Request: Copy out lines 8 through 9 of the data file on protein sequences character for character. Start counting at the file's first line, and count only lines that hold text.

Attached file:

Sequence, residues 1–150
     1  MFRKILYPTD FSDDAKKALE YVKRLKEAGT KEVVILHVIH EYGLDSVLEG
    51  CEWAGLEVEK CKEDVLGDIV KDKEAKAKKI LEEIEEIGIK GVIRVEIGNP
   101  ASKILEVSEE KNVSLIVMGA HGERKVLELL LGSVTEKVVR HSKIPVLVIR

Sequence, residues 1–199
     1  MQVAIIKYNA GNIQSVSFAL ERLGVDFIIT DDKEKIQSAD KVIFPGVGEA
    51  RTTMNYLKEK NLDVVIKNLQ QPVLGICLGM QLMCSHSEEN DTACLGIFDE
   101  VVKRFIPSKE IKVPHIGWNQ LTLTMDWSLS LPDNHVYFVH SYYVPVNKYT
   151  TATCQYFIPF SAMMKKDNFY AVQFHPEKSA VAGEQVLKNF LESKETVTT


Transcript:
   101  VVKRFIPSKE IKVPHIGWNQ LTLTMDWSLS LPDNHVYFVH SYYVPVNKYT
   151  TATCQYFIPF SAMMKKDNFY AVQFHPEKSA VAGEQVLKNF LESKETVTT